Smart move Fi­nance ex­pert Michael Pas­coe ex­tols the ‘new build’

FI­NANCE EX­PERT MICHAEL PAS­COE RE­VEALS WHY BUILD­ING A FAM­ILY HOME RE­MAINS ONE OF THE BEST DE­CI­SIONS YOU’LL EVER MAKE

Home Beautiful - - CONTENTS -

EV­ERY SEC­OND HEAD­LINE seems to warn of a hous­ing price crash – so why would you go through the fi­nan­cial risk of build­ing your own home? It’s a very fair ques­tion and the an­swer can be dif­fer­ent for peo­ple in dif­fer­ent cir­cum­stances. Here are five rea­sons why build­ing your dream home is still one of the great­est in­vest­ments – not only in the fi­nan­cial but also in the per­sonal and emo­tional sense.

1IT’S YOURS This can pro­vide sat­is­fac­tion be­yond fi­nan­cial mea­sure­ment. The land­lord can’t kick you out at a month’s no­tice. There are im­por­tant wel­fare im­pli­ca­tions of that se­cu­rity of ten­ure, par­tic­u­larly for chil­dren who aren’t faced with the risk of be­ing shunted from one neigh­bour­hood to an­other. Healthy com­mu­ni­ties de­pend on a de­gree of con­ti­nu­ity, of peo­ple putting down roots and com­mit­ting to their area. Home own­er­ship does that.

2HISTORY SAYS IT PAYS OFF A house should be viewed as a long-term com­mit­ment. Sure, ev­ery decade or two a hous­ing mar­ket can go crazy, with rapid price rises mak­ing it prof­itable to flip a prop­erty quickly. That’s the ex­cep­tion to the rule. The “trans­ac­tion costs” of hous­ing – stamp duty, le­gal fees, real es­tate agent com­mis­sion, mov­ing ex­penses, coun­cil fees if build­ing or ren­o­vat­ing – mean it usu­ally takes a year or more just to get to break-even. No­body re­ally knows if the value of an in­di­vid­ual house will rise or fall over the next year, but pop­u­la­tion growth and an ex­pand­ing econ­omy have meant hous­ing over time runs nicely ahead of in­fla­tion, build­ing wealth.

3YOUR OWN HOME FORCES YOU TO SAVE

With­out the dis­ci­pline of pay­ing the mort­gage, it’s all too easy for sav­ings to dis­ap­pear. Along the way, you’ll build up the se­cu­rity of own­ing your home ahead of even­tual re­tire­ment. The biggest sin­gle dif­fer­ence be­tween a com­fort­able or im­pov­er­ished re­tire­ment is whether or not in­di­vid­u­als own their home. And pay­ing off the mort­gage is some­thing we’re good at. Even in truly hard times – the last re­ces­sion back in 1990-91 that fol­lowed sky-high in­ter­est rates – rel­a­tively few of us lost our homes. We tend to be smart about build­ing up eq­uity in our home to pro­vide a buf­fer for emer­gen­cies, and we make all man­ner of other economies to keep our home.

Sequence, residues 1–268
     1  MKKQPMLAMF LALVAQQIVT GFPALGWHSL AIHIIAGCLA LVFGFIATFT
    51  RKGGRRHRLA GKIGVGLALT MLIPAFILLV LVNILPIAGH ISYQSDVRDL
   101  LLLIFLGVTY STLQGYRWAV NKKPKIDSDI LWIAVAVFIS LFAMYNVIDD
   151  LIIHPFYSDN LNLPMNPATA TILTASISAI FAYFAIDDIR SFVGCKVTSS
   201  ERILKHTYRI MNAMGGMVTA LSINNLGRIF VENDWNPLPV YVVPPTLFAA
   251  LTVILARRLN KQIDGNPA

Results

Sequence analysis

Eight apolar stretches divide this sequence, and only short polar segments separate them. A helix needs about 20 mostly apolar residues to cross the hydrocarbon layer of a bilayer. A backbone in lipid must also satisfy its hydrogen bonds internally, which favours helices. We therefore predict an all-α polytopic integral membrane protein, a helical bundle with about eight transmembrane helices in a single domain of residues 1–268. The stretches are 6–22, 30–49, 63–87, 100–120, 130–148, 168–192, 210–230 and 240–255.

4IT’S A TAX DODGE It’s not just neg­a­tively geared in­vestors who do well out of the way our tax sys­tem treats hous­ing. Un­like just about ev­ery­thing else you can do with your money, the fam­ily home is ex­empt from cap­i­tal gains tax (CGT). Trea­sury es­ti­mates the fam­ily home ex­emp­tion and the CGT dis­count to­gether cost the govern­ment $61.5 bil­lion in fore­gone rev­enue in the 2016-17 year. This ex­emp­tion is one of the Aus­tralian govern­ment’s most sa­cred cows. Even if a po­lit­i­cal party was brave

5“THIS­grow­ing na­tion de­sir­able homes” FOR enough to risk the wrath of the elec­torate – re­mem­ber that most of us, more than 60 per cent, ei­ther own or are pay­ing off our home – odds are any change would be “grand­fa­thered” and not ap­ply to ex­ist­ing homes.

BUILD­ING A HOME IS AN EX­PRES­SION

OF YOUR­SELF Other than hav­ing chil­dren, it’s most peo­ple’s biggest project. Buy­ing an ex­ist­ing prop­erty means liv­ing with oth­ers’ mis­takes and de­sires. Ren­o­va­tions tend to end up be­ing com­pro­mises or so to­tal you may as well start again. Start­ing from scratch means you can make your own mis­takes in­stead – but hope­fully not. It should mean the sat­is­fac­tion of cre­ativ­ity, of build­ing your own dream. I sup­pose Den­nis Denuto, the lawyer char­ac­ter in the movie The Cas­tle, would say, “It’s the vibe”.

michael pas­coe

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